60s fashion photography was highly experimental and photographers found themselves having greater decision-making power with editors.
Vogue photographer Bob Richardson was one of the biggest names in high fashion photography at that time.
His photographs were influenced mainly by film directors particularly with respect to camera angle and lighting.
If Richardson's creations were a bit too edgy for the editors, Richard Avedon's pictures were a dream come true with models shown smiling and exhibiting emotions, often in action. Avedon is perhaps most famous for his work with Twiggy, the great icon of fashion of the 1960s who was skinny and looked like a boy, a huge difference from the models of the 1940s and 1950s. She was described by Newsweek as "four straight limbs in search of a body".
The photographs of Diane Arbus are not usually associated with fashion photography but she worked for harper's Bazaar in 1962 on a series of photographs of children fashions and also for the New York Times in 1967, 1968 and 1970. The photographs are of outcast children and are very disturbing as fashion photography goes.
David Bailey is another well-known 60s fashion photographer. Bailey photographed actors musicians and royalty as well as fashion models. He captured, and helped to create, the Swinging London of the 1960s, a culture that was noted for its chic fashions. The film Blowup, 1966, was largely based on the character of Bailey played by David Hemmings. He is still working in the field of photography today. Of his work he states: "I've always tried to do pictures that don't date. I always go for simplicity".
In the 1970s, Helmut Newton rose to fame (or should I say notoriety) along with Guy Bourdin who created fashion photographs with aggresive and violence contained within them. His images for Vogue's Story of Ohh! are particularly infamous, based on the French novel The Story of O by Pauline Reage (Anne Desclos) in which the main character is a female fashion photographer and a masochist. Newton is perhaps the most copied fashion photographer of the 20th century.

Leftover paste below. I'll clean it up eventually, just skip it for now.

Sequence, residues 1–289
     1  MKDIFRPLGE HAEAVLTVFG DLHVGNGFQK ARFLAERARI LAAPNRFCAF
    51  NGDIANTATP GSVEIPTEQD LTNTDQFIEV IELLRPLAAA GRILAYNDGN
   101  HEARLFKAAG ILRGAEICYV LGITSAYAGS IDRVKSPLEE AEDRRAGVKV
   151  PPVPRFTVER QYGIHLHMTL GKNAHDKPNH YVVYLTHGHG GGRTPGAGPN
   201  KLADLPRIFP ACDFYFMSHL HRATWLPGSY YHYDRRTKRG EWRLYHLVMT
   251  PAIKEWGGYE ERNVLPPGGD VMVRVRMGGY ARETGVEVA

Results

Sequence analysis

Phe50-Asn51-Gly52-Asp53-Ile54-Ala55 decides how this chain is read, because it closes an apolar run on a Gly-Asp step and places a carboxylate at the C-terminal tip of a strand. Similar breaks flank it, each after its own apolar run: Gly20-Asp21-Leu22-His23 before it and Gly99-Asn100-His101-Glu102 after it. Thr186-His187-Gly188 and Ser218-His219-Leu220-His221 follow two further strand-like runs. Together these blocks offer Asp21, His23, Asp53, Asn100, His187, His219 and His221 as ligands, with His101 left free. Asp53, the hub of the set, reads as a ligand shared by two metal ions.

In the 1990s high fashion photography was dominated by photographers such as Collier Schorr and Glen Luchford who began to depict young men and women in gender-ambiguous photographs. David Lachapelle, Jurgen Teller and Wolfgang Tillmans are perhaps the most influential photographers of this era. High fashion photography and art photography commingled particularly in the work of Larry Sultan. Photographers such as Paolo Roversi, Peter Lindberg and Mario Testino are reinventing the genre today.
Perhaps the accolade of top fashion photographer should go to Michael Creagh who was presented with the 4th Annual Black and White Spider Awards Nominee in the category of Fashion in January this year (2009) (see photograph below).
Above: 4th Annual Black and White Spider Awards Winning Photo by Michael Creagh
Creagh is a New York based fashion photographer with an impressive list of clients which includes McCann Erickson, Microsoft, the Fashion Institute of Technology, and MTV. To see more of his photographs visit his web site or click here to read an interview with Michael.
Fashion Photography: A Complete Guide to the Tools and Techniques of the Trade
Fashion Photography Course: Principles, Practice, and Techniques: An Essential Guide